When to Draw the Line (and when not to)
The right interaction between words and pictures in information
and explanatory graphics is the challenge for an information
graphic designer. What's the best way to make an efficient
aesthetic mix of the visual and the verbal, while explaining
a story, a medical procedure, or a scientific theory? When is
humor appropriate? And why does technology too often get in
the way of clear image-making?
Nigel Holmes does explanation graphics. In 1966, he graduated
from The Royal College of Art, in London, and ran his
own graphic design studio in England until 1977, when Walter
Bernard hired him to work at Time Magazine in New York.
As Graphics Director of Time, his pictorial explanations of
complex subjects gained him many imitators and a few academic
enemies. But he remains committed to the power of
pictures and humor to help readers understand otherwise
abstract numbers and difficult scientific concepts.
After 16 years, Time gave him a sabbatical, and he never went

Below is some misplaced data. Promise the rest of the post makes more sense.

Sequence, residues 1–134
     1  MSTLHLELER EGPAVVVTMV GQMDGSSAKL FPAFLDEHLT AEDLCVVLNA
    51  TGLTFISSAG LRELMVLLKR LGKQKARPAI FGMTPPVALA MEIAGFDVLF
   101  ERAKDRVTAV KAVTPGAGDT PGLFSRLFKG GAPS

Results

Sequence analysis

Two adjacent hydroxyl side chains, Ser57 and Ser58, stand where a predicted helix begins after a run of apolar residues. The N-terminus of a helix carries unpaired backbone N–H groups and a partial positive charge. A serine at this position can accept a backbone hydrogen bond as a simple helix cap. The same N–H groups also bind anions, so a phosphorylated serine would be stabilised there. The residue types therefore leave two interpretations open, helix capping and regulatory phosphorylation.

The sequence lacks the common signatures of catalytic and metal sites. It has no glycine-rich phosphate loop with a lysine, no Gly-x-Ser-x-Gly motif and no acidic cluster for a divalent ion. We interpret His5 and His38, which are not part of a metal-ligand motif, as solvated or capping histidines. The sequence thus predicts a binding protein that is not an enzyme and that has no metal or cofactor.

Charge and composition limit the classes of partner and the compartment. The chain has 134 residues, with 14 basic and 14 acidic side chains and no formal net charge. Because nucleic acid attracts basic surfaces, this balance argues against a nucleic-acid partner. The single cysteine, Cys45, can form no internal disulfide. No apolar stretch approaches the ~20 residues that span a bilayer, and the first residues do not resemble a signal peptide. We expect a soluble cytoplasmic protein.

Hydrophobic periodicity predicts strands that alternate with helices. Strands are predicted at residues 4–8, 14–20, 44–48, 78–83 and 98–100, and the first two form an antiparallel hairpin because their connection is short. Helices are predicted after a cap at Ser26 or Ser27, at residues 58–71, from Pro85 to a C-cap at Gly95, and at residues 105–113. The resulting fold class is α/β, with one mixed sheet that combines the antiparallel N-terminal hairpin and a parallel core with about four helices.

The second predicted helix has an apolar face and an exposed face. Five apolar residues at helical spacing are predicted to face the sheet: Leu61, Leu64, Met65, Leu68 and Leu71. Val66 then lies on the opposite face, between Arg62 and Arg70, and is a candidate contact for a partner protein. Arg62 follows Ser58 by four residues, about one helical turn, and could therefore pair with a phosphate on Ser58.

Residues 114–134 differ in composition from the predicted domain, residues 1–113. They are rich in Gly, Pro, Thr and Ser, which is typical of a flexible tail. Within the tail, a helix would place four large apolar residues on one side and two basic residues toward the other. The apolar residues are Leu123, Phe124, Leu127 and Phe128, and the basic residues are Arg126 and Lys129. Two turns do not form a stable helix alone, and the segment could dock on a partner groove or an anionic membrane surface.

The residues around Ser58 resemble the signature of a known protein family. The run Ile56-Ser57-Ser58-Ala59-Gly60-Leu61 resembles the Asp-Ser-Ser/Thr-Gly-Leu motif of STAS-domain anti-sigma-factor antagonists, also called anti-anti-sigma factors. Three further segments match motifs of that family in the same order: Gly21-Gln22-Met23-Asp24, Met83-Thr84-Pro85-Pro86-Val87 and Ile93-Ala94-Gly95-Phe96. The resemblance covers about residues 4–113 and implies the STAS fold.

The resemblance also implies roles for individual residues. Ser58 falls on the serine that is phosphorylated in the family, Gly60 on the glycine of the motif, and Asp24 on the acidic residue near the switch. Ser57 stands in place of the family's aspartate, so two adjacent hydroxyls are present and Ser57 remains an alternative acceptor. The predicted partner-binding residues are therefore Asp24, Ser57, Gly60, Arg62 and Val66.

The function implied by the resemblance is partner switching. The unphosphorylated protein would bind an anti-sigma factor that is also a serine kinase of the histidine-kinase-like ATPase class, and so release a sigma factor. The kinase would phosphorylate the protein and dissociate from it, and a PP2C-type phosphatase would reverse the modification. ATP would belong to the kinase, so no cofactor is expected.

back. Now he has his own company, which has explained things
to and for a wide variety of clients, including Apple, Fortune,
Nike, The Smithsonian Institution, Sony, United Healthcare, US
Airways and Visa, and he continues to do graphics for publications
such as Discover, Harper's, On Earth (NRDC), The New
Yorker and The New York Times.
Nigel Holmes has written four books on aspects of information
design, and also a series of really small books, The Smallest
Ever Guides for Busy People, which explain difficult concepts
in layman's terms. The first was about the Internet and was
based on lectures he gave to Fortune 500 executives (very
busy people). It's now in its 7th US edition. This was followed
by The Smallest Ever Guide to Life Sciences (together with Juan
Enriquez of Harvard University), and The Smallest Ever Guide
to The Hydrogen Economy, for General Motors. His new book,
Wordless Diagrams, was published by Bloomsbury in April
Other book projects, in collaboration with Richard Saul
Wurman, have included highly graphic medical handbooks
about Diagnostic Tests for Men and Women, Understanding
USA, Understanding Children, and Understanding Healthcare.
With his son, Rowland, he produces short animated films.
He has lectured in India, Japan, Brazil, Singapore, and all
over Europe and the United States, including at the Stanford
University Publishing Course every year since 1980, and the
Poynter Institute for Media Studies since 1983.